While blockchain is best known as the foundation for cryptocurrencies such as bitcoin and Ethereum, many think the technology will emerge as the bedrock of a peer-to-peer economy, transforming industries in the process — that is, if the security of blockchain ecosystems can be ensured.
Until recently, blockchain technology was not on the radar of most organizations. In fact, just 18 months ago, an executive of a major financial organization referred to blockchain as a “technology looking for a solution.”
Attitudes changed by the time of the World Economic Forum 2018 conference in Davos, Switzerland, where the future of blockchain was in the spotlight and the Financial Times reported that Nasdaq was investigating blockchain-based cryptocurrency product opportunities. Nasdaq would join a cadre of believers that includes venture capitalists and an array of startups investing significant time and money — $4.5 billion in 2017 — exploring blockchain technology.
While blockchain is best known as the foundation for cryptocurrencies such as bitcoin and Ethereum, many think the technology will emerge as the bedrock of a peer-to-peer economy, transforming industries in the process — that is, if the security of blockchain ecosystems can be ensured. A major hack that resulted in the theft of $45 million in Ethereum has raised some eyebrows.
Overcoming the security questions discussed in this paper will help ensure the continued evolution of blockchain in the financial services industry and help it mature into a disruptor in other businesses.
The promise of blockchain networks
Blockchain is software technology that supports a distributed digital ledger and enables electronic transactions to be performed between two or more parties without the need for a trusted intermediary such as a bank. It’s like a banknote passing from one hand to another. From that point on, it becomes possible to confer intrinsic value on the information, whose authenticity, integrity and legitimacy are guaranteed from owner to owner. A blockchain, therefore, makes it possible to create unassailable, tamper-proof digital assets and to achieve digitization and disintermediation for documentation (identity, authenticity, ownership, provenance, etc.); rights (usage, access, authorization, etc.); traceability (receipt, reading, editing, time-stamping, etc.); and even units of account (loyalty points, currency, etc.). These enable businesses to increase speed, improve the customer experience, enable innovative processes and reduce costs.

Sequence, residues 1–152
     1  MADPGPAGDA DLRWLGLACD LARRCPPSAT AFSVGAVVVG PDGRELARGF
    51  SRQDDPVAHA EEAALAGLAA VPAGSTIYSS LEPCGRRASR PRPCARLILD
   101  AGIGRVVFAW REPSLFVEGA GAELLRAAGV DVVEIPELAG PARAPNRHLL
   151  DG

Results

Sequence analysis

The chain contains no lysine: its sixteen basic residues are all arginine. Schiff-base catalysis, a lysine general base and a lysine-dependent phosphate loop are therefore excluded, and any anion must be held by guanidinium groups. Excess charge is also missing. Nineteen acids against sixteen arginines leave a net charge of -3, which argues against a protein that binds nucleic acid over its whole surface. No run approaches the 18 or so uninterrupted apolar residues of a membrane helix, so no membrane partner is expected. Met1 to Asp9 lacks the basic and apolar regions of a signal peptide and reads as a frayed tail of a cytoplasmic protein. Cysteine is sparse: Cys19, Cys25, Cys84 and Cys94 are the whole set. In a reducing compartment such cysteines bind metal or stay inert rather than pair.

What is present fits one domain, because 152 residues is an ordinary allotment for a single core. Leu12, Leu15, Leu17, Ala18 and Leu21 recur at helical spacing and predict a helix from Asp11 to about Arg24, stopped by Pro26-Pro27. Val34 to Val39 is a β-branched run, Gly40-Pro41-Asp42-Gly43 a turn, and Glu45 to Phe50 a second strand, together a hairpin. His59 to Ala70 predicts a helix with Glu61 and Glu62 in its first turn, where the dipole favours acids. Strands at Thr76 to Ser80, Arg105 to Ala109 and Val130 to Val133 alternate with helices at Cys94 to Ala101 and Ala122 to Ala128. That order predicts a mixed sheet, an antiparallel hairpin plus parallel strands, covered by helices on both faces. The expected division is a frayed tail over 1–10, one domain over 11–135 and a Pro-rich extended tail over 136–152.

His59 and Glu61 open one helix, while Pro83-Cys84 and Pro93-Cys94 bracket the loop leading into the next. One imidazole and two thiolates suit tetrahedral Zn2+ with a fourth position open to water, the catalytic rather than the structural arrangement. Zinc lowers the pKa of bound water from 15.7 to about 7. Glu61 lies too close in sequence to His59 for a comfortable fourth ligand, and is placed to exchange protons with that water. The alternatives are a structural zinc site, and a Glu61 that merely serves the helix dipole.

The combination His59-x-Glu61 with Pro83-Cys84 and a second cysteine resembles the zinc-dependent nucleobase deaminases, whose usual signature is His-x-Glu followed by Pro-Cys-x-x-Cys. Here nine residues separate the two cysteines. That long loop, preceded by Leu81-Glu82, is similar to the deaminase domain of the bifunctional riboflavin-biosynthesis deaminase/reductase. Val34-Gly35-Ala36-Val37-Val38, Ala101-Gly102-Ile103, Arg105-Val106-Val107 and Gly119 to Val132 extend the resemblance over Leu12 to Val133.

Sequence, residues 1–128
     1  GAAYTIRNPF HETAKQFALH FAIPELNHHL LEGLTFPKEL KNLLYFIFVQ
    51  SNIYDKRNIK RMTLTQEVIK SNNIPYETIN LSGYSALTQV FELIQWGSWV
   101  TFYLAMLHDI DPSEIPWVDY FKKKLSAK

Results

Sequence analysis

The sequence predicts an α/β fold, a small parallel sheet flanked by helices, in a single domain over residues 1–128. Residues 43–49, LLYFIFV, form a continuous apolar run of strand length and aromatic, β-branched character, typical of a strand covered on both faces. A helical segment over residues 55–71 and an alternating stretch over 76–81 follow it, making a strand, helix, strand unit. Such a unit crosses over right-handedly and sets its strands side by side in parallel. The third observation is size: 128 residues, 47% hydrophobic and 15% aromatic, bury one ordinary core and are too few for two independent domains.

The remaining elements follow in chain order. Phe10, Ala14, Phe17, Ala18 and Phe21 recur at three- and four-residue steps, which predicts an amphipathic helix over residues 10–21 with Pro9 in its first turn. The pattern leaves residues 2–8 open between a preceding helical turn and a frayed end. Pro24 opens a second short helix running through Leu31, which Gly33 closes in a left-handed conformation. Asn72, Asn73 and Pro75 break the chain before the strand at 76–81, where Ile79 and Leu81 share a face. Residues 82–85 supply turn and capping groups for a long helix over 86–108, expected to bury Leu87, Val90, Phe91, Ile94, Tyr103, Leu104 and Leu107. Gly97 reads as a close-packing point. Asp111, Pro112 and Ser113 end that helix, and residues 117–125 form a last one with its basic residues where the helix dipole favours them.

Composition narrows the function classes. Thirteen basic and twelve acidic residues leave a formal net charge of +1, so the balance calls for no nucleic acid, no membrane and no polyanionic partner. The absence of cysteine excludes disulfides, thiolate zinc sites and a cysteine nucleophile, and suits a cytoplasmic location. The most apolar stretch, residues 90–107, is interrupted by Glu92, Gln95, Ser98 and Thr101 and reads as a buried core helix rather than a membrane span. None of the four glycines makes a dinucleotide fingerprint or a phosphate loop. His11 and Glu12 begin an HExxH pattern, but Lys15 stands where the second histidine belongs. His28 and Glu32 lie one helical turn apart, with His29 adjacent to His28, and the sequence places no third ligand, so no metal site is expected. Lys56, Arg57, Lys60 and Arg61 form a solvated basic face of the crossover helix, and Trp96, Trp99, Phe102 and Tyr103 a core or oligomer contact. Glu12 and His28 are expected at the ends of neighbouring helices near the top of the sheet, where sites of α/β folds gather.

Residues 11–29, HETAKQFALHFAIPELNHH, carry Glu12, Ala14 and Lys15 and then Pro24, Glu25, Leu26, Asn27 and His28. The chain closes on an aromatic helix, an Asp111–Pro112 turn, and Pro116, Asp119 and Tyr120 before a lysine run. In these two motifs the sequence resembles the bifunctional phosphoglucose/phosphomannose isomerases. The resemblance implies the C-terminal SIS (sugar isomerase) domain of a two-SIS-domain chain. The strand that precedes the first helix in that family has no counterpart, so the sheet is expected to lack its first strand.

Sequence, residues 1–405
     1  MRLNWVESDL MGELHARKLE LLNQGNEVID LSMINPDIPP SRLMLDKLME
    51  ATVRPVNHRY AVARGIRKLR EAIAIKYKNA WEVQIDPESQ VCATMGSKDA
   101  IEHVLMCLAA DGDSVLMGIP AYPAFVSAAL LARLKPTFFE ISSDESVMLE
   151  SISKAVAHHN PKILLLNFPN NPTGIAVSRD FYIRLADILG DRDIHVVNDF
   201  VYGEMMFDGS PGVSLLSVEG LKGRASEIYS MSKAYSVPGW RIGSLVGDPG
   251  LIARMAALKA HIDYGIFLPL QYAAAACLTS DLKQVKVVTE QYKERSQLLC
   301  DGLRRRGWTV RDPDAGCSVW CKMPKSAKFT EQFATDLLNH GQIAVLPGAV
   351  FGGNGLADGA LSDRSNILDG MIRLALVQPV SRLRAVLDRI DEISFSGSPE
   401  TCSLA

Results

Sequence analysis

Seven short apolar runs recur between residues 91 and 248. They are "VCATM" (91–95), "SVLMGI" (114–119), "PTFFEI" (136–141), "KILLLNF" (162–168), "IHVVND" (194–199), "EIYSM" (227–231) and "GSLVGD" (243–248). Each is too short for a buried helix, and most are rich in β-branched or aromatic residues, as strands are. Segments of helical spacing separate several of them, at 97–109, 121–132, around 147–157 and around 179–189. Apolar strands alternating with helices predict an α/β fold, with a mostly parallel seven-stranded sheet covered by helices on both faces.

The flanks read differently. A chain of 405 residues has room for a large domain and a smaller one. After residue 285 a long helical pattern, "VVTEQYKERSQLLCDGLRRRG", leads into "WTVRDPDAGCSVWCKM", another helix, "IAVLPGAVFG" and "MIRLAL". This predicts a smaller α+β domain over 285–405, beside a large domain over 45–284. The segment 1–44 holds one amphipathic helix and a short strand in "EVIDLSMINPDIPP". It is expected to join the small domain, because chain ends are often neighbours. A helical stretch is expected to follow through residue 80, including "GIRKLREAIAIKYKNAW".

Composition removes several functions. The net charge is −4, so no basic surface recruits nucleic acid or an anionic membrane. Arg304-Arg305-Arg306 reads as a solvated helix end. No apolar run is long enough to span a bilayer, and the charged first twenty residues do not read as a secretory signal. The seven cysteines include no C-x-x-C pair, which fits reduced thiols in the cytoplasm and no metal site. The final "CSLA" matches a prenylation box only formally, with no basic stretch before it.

Since blockchain empowers individuals, entities or things to connect directly through a software-driven exchange, it potentially disintermediates value exchanges — thereby reducing transaction costs and inhibitors to market entry. As such, blockchain can create game-changing products and new business models that could deliver remarkable business value.
Potential uses include: food traceability to reduce fraud, thereby protecting revenue and increasing brand provenance; resilient supply chain management in the defense sector; and the ability to provide farmers in the developing world with access to financial tools in exchange for sustainable land-usage best practices.
Blockchain has been around for some time but spent several years in the “hype shadow” of cryptocurrencies such as bitcoin, virtual money transferred as securely and simply as sending an email. Over time, blockchain has become a more established and more viable alternative to traditional transactions. While blockchain 1.0 mainly focused on currency transactions, blockchain 2.0 aims to enable the execution of programmable business logic and autonomous enforcement. Potential business applications include the exchange of digital assets such as bonds, health records, digital rights, payments or supply chain processes.
Don’t underestimate the transformative potential of blockchain vs. traditional techniques. Blockchain technology promises to remove complexity, cost and time delays, while adding transparency and trust to the mix. Because electronic transactions can be performed without a trusted intermediary, blockchain offers the opportunity to reduce transactional friction in the way we do business today.
Read the full paper to learn more about security blockchain technology.